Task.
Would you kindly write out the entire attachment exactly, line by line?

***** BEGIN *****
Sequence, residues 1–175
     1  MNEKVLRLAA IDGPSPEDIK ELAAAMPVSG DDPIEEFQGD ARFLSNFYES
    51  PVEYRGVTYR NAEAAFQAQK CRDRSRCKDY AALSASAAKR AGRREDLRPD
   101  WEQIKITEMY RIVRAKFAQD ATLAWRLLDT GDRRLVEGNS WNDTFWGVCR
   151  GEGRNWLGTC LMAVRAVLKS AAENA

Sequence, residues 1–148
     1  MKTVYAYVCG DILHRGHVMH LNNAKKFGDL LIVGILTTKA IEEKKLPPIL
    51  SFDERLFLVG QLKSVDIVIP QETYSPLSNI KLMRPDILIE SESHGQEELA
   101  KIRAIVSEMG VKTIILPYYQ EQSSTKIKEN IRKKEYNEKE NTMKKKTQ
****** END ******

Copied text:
Sequence, residues 1–175
     1  MNEKVLRLAA IDGPSPEDIK ELAAAMPVSG DDPIEEFQGD ARFLSNFYES
    51  PVEYRGVTYR NAEAAFQAQK CRDRSRCKDY AALSASAAKR AGRREDLRPD
   101  WEQIKITEMY RIVRAKFAQD ATLAWRLLDT GDRRLVEGNS WNDTFWGVCR
   151  GEGRNWLGTC LMAVRAVLKS AAENA

Sequence, residues 1–148
     1  MKTVYAYVCG DILHRGHVMH LNNAKKFGDL LIVGILTTKA IEEKKLPPIL
    51  SFDERLFLVG QLKSVDIVIP QETYSPLSNI KLMRPDILIE SESHGQEELA
   101  KIRAIVSEMG VKTIILPYYQ EQSSTKIKEN IRKKEYNEKE NTMKKKTQ